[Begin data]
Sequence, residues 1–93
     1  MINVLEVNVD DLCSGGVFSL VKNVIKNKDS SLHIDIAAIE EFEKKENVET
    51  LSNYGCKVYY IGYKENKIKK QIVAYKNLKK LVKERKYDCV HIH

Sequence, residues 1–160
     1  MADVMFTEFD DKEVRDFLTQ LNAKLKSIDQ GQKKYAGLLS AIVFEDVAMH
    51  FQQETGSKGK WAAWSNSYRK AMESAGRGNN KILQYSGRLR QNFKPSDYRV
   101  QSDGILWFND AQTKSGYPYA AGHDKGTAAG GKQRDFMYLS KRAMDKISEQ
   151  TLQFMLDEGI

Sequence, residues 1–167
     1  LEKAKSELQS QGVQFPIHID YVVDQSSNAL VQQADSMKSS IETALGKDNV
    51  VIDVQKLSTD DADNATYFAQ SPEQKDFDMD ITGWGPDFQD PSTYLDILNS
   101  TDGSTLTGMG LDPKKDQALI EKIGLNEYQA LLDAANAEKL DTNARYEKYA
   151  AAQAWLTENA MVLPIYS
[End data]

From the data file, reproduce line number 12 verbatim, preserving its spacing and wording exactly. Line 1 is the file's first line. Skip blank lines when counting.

   101  TDGSTLTGMG LDPKKDQALI EKIGLNEYQA LLDAANAEKL DTNARYEKYA